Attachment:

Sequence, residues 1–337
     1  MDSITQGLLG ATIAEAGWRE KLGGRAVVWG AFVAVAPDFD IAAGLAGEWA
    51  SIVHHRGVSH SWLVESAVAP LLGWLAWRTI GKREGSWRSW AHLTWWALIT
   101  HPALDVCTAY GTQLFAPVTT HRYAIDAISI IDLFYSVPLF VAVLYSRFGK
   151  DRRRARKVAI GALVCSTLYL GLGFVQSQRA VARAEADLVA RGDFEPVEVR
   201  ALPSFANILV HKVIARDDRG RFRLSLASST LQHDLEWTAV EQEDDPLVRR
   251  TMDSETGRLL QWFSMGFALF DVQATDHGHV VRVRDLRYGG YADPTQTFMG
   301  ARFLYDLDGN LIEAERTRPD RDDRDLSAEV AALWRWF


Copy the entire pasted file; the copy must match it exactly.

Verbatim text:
Sequence, residues 1–337
     1  MDSITQGLLG ATIAEAGWRE KLGGRAVVWG AFVAVAPDFD IAAGLAGEWA
    51  SIVHHRGVSH SWLVESAVAP LLGWLAWRTI GKREGSWRSW AHLTWWALIT
   101  HPALDVCTAY GTQLFAPVTT HRYAIDAISI IDLFYSVPLF VAVLYSRFGK
   151  DRRRARKVAI GALVCSTLYL GLGFVQSQRA VARAEADLVA RGDFEPVEVR
   201  ALPSFANILV HKVIARDDRG RFRLSLASST LQHDLEWTAV EQEDDPLVRR
   251  TMDSETGRLL QWFSMGFALF DVQATDHGHV VRVRDLRYGG YADPTQTFMG
   301  ARFLYDLDGN LIEAERTRPD RDDRDLSAEV AALWRWF